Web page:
Review: Honda Jazz

Review: Honda Jazz
Review: Honda Jazz

The Honda Jazz gets a fresh face and a more powerful engine for 2018

For some, the only small car that gets a look-in is the Honda Jazz. Its exceptional interior space lifts it well clear of almost any rival, and this practicality has led more than seven million people to hand over their hard-earned for one since the original Jazz was launched in 2001.

It’s particularly popular amongst older drivers; perhaps to broaden its appeal with those of a younger demographic, Honda is introducing a sportier-looking car as part of the 2018 mid-life facelift, which gets gloss-black 16-inch alloys and a more aggressive bodykit. It’s not all show, either, for there’s a more powerful 1.5-litre i-VTEC engine under the bonnet.

Honda Jazz 1.5 i-VTEC Sport

Price: £17,115
Engine: 1.5-litre, four-cylinder, petrol
Power: 128bhp
Torque: 114lb ft
Gearbox: 6-spd manual
Kerb weight: 1116kg
Top speed: 118mph
0-62mph: 8.7sec
Fuel economy: 47.9mpg
CO2 emissions: 133g/km

With 128bhp, it’s appreciably more powerful than the regular 1.3-litre. It doesn’t deliver this until 6600rpm though, and peak pulling power is also only found at more than 4500rpm. So although it can be quick, with 0-62mph in 8.7 seconds, you have to work the six-speed gearbox hard to release it.

Which uncovers a major flaw of this new engine: its lack of refinement. This is a very loud engine, becoming almost unpleasantly unrefined when you work it hard. It’s far from underpowered but the racket it makes means you’ll be reluctant to utilise this.

It’s not much fun to drive either, due to a lack of feel through the steering and too much body roll. The ride is decent, but it’s not as well-rounded as something like a Volkswagen Polo, Ford Fiesta or Seat Ibiza.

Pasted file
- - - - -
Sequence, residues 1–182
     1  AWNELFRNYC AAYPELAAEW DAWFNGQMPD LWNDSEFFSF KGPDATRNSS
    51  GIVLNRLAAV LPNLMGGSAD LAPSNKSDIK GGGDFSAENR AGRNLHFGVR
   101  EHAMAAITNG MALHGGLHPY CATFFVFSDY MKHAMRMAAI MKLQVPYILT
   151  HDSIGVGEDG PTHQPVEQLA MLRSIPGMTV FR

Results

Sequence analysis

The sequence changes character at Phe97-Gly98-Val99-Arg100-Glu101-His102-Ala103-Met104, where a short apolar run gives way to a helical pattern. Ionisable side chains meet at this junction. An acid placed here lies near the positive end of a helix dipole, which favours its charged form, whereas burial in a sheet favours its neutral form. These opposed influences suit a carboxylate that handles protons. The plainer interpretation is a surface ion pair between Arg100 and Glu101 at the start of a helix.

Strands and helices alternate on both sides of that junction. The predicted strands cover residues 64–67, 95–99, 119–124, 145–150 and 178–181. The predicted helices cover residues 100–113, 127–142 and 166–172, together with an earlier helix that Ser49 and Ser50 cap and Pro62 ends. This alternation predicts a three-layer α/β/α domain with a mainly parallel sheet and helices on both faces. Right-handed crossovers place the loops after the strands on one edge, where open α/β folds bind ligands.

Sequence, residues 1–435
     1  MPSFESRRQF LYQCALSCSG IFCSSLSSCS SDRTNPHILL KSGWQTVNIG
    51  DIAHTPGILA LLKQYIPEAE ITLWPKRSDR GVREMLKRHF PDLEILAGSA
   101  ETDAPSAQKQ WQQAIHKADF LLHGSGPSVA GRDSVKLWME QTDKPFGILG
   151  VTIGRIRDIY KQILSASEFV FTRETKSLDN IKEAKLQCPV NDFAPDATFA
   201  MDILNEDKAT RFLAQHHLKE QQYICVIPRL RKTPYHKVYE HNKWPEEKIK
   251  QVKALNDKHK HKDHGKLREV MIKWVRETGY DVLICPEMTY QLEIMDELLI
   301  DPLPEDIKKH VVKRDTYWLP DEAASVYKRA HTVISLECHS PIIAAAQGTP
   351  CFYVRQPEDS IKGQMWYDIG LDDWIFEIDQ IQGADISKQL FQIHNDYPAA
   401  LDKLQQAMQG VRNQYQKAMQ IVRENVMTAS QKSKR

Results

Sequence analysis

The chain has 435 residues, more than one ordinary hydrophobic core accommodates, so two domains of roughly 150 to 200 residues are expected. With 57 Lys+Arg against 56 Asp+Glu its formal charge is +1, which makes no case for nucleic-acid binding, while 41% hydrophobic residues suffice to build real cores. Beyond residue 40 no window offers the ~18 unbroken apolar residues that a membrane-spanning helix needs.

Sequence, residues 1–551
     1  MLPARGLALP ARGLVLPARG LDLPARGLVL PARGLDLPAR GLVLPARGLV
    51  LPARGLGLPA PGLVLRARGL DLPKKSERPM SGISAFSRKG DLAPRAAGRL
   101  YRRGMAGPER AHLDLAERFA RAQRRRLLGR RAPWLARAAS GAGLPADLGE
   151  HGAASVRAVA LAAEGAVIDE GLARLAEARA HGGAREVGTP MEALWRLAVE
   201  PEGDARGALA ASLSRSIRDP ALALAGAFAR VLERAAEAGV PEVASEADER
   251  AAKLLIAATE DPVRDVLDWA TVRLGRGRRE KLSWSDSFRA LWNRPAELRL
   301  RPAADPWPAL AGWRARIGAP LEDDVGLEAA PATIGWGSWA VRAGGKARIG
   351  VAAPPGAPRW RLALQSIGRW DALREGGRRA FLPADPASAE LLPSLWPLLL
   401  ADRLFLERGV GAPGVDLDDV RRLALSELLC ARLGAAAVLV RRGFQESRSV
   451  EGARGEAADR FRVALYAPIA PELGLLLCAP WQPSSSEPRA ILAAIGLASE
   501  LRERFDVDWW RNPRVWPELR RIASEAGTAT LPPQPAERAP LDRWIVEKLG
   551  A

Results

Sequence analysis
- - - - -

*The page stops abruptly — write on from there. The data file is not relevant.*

Those rivals are more nicely finished inside as well. The plastics are scratchy and hard, although it is well-assembled and feels built to last. The new Sport trim has details such as contrast stitching and a sporty steering wheel to spice things up; what a pity Honda hasn’t updated its old-fashioned Connect infotainment system to suit. This is now well off the pace of rivals.

Where the Jazz still has a clear lead is in terms of interior practicality. At less than four metres long, it’s similar in exterior dimensions to others in the class, but it’s way roomier than them inside, with space for drivers of all shapes and sizes and almost unbelievable levels of space in the back. Even adults will be fine sitting behind drivers of a similar shape and size, and the boot is bigger than any rival as well – it’s as big as some from the family hatchback class above.

This is what will sell the Jazz to some – well, that, and its peerless dependability. It’s without rival here. It’s just a pity even this new Sport variant can’t deliver the on-road driving performance to match more able rivals. Factor in the lack of engine refinement and, for all its strengths, it’s still no more than an average overall rating for Honda’s spacious supermini.

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